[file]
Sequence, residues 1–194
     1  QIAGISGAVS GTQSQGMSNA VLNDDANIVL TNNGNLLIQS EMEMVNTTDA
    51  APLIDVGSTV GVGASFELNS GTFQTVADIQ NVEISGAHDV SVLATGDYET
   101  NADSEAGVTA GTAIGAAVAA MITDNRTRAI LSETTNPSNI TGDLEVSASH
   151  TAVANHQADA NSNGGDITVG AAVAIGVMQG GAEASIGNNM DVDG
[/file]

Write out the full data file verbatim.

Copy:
Sequence, residues 1–194
     1  QIAGISGAVS GTQSQGMSNA VLNDDANIVL TNNGNLLIQS EMEMVNTTDA
    51  APLIDVGSTV GVGASFELNS GTFQTVADIQ NVEISGAHDV SVLATGDYET
   101  NADSEAGVTA GTAIGAAVAA MITDNRTRAI LSETTNPSNI TGDLEVSASH
   151  TAVANHQADA NSNGGDITVG AAVAIGVMQG GAEASIGNNM DVDG